Great Stuff on the Writers’ Blogs, February 23-25, 2013

Several sets of FAQs for you today, plus tips on trilogies, writing magic, getting more out of Google+, and building your writing community. But before we get to that…

A LITTLE MORE LEAD-UP

Starting Friday, Great Stuff will not only have a new home but a slightly different name. I’m changing it to focus on what it provides: value to you. So when we make the move, look for “Great Stuff for Writers,” in place of the current title. It’ll have its own place on the new web site’s menu line. My other posts, under the title of Critique Technique, will remain the same, but they too will have their own menu line item. On Wednesday I’ll give you the new web site name and URL and then on Friday—deep breath—it’ll all officially go live.

CRAFT

KM Weiland (@KMWeiland) finishes her series on scenes and sequels with some Frequently Asked Questions. Alas, her call for questions elicited only two and, well, let’s hope that those folks just came to the series late. So instead, Katie pulled in some questions that had been asked in the comments to previous parts of the series. Some are pretty basic but others drew out insightful or informative answers. Here’s a big THANK YOU to Katie for the series. It’s a keeper. (Do I sense a small ebook? :))

Other author’s who’ve written about writing a series have discussed overall story and character arcs and the like, and those are important things. Jordyn Redwood (@JordynRedwood) discusses some other details specifically regarding Writing a Trilogy that, if not taken care of, can catch the writer out, things like timelines, characterization absolutes, and moments that tie later books back to the earlier ones. Series writing introduces layers of complexity not found in a standalone work, so posts like this are valuable.

Here’s a big shout-out thank you to Becca Puglisi (@beccapuglisi) of The Bookshelf Muse for bringing in horror writer Michaelbrent Collings to discuss The Magic of Misleading. Why? Because reading it made me realize one of the things that’s missing from the first draft of my current WIP. Are you ready? Here it is: “the secret to misdirection isn’t withholding information, it’s giving extra information, and focusing the audience’s attention on that.” (emphases his) That light you see is the 25 Watt light bulb flickering on above my head! There’s more to the post, of course, but this is a nugget I’ll be keeping. Maybe you will too.

BUSINESS

Query letters: one of the greatest mysteries in the business of getting published. What makes a good one? What do agents want??????  Back in September of last year, Chuck Sambuchino (@ChuckSambuchino) wrote a roundup of frequently asked questions. Now he’s back with Query Letter FAQs (Part II): 10 More Questions Answered on Writer Unboxed. If you’re currently querying or want to get published by a traditional publisher, take a look at this post. But keep one thing in mind that Chuck only hints at: always always ALWAYS check the web site of the agent or agency you’re submitting to first to find out what they want and how they work.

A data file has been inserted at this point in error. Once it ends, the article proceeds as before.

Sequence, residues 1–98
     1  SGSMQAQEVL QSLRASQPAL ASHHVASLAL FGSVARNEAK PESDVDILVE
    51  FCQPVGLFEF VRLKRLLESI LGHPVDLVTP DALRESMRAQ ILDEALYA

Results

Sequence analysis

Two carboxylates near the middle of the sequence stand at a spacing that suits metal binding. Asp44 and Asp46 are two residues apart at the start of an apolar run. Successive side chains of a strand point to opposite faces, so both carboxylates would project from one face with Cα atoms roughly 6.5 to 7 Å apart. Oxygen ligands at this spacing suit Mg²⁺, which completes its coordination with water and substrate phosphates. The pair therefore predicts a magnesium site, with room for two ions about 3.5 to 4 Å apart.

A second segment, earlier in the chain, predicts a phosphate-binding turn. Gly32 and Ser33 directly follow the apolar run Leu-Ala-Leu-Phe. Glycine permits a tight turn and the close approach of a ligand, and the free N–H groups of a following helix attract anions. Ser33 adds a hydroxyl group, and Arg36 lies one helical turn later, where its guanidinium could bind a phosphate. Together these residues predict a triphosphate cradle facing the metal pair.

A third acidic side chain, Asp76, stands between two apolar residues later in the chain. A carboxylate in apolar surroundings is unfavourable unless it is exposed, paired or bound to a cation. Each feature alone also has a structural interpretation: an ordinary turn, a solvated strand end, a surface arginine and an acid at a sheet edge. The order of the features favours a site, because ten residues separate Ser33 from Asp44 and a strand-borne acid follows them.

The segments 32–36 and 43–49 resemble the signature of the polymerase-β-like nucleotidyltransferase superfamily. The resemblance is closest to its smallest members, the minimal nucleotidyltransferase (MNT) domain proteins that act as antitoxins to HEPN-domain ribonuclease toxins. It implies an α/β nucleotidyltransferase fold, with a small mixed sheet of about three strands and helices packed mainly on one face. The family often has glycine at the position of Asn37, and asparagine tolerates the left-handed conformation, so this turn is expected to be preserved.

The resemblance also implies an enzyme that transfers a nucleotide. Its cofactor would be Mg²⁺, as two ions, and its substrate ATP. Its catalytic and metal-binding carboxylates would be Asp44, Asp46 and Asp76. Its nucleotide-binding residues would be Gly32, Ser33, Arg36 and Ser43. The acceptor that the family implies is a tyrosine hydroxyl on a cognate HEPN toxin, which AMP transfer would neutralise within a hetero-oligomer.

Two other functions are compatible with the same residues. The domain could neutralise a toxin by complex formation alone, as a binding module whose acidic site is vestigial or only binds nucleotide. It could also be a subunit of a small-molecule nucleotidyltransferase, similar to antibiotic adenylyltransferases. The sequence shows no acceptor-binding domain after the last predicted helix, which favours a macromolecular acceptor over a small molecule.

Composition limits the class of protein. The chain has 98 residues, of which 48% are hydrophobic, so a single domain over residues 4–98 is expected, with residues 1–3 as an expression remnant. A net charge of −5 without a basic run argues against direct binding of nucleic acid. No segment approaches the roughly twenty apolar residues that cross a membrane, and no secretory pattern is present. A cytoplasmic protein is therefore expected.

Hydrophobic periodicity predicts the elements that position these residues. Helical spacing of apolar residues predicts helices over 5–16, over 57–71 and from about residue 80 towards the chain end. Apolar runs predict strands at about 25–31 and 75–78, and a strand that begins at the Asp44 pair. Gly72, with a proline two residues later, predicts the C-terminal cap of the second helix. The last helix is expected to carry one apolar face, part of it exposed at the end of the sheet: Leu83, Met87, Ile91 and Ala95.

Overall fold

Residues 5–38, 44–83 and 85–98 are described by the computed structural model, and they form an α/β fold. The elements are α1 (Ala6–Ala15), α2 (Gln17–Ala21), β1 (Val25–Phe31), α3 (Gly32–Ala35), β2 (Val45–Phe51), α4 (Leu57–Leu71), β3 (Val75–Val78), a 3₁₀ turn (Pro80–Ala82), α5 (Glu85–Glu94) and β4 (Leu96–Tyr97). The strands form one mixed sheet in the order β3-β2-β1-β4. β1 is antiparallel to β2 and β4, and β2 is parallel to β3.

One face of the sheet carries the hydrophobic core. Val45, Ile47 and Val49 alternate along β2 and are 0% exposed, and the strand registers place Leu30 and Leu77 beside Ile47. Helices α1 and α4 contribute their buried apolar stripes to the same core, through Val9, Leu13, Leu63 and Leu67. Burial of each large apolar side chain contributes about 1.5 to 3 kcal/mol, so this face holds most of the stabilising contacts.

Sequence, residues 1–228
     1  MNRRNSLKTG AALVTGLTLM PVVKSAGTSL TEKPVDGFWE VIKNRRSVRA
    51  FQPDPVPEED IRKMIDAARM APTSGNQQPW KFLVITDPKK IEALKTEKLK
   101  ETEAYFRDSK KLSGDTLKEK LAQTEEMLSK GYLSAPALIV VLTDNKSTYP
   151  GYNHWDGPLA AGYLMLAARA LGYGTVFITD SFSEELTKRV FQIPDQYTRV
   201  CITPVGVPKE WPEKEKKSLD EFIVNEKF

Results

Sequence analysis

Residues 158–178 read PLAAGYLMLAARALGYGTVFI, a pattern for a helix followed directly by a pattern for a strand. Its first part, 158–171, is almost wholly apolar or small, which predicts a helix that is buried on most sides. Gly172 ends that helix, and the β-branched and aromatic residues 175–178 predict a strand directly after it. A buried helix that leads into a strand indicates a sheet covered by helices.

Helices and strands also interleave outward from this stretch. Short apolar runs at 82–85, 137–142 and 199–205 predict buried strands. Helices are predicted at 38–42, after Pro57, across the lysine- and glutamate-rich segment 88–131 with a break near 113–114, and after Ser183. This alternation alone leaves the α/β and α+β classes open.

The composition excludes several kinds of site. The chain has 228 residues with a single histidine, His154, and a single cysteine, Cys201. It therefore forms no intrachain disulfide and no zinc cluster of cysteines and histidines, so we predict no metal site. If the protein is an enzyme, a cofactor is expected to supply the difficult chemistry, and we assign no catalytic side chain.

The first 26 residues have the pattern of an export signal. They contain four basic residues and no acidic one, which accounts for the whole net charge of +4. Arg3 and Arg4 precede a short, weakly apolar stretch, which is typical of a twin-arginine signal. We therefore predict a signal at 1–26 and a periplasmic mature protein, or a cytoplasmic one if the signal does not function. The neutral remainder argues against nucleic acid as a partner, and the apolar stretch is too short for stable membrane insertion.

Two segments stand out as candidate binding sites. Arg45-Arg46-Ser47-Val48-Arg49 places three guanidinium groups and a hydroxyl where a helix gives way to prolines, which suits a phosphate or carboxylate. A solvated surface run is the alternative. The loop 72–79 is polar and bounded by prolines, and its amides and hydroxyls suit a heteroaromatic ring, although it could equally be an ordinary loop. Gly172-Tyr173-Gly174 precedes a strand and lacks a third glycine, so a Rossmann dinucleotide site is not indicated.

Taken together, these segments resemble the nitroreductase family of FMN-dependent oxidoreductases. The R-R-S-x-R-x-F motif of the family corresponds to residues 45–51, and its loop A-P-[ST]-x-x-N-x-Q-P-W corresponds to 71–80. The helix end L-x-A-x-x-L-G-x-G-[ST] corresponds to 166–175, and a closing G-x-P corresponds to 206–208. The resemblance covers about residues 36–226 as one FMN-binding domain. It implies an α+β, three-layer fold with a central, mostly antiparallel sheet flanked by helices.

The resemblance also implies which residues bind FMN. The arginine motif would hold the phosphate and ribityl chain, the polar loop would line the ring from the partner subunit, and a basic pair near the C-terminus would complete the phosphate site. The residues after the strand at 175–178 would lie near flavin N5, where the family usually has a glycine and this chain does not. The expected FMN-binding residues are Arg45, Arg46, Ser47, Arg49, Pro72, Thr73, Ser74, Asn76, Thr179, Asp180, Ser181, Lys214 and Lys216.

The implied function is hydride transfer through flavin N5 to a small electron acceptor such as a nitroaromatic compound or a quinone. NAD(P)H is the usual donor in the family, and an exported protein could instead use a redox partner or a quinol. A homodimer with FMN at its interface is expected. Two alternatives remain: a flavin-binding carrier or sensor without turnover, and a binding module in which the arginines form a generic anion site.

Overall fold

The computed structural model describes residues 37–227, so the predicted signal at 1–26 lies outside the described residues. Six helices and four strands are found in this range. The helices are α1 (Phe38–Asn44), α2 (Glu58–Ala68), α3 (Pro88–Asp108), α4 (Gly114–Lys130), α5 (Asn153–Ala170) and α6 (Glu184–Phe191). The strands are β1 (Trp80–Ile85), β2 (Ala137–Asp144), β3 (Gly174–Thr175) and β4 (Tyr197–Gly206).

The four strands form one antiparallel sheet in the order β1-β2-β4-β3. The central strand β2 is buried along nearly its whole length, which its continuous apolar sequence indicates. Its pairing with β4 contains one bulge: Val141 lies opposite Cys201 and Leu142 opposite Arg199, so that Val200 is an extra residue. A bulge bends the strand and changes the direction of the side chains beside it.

SOCIAL MEDIA

Demian Farnworth’s (@demianfarnworth) Seven Ways Writers Can Build Online Authority with Google+ (really 6 do’s and 1 don’t) is something of a paean to Google’s social media platform, but I suppose you could call it a practical paean. As I’ve noted elsewhere, in many ways Google+ isn’t all that unique (the major exception being the Hangouts free video conferencing feature), but what they’ve done is take a number of things other social media sites do, such as LinkedIn’s groups, and amplified them (Google+’s circles). So if you’re already on Google+ and want to know how to use it better, or you’re still trying to decide whether to add it to your social media repertoire, it’s probably worth your time to visit this long post on Copyblogger.

THE WRITING LIFE

We all know—and keep telling each other! :)—that the writing life is a lonely one, right? Well, it doesn’t have to be, and Gabriela Pereira (@DIYMFA) is starting a series on how you can expand your circle, or as she calls it, Build Your Writing Community with In-Person Events. She offers tips on where to find such events, which to choose, and what to do once you get there. If you’re looking for ways to escape your garret, this could be for you. Then in part 2, she discusses Writing Classes and Workshops. Surprised that someone hosting a blog on creating a do-it-yourself Master of Fine Arts equivalent would be advocating finding classes? Don’t be—it makes sense in the context of creating your own community. Classes are simply another way of meeting like-minded and like-skilled writers. And be sure to check out her tips for evaluating the people and the classes.

Great Stuff on the Writers’ Blogs, February 5 & 6, 2013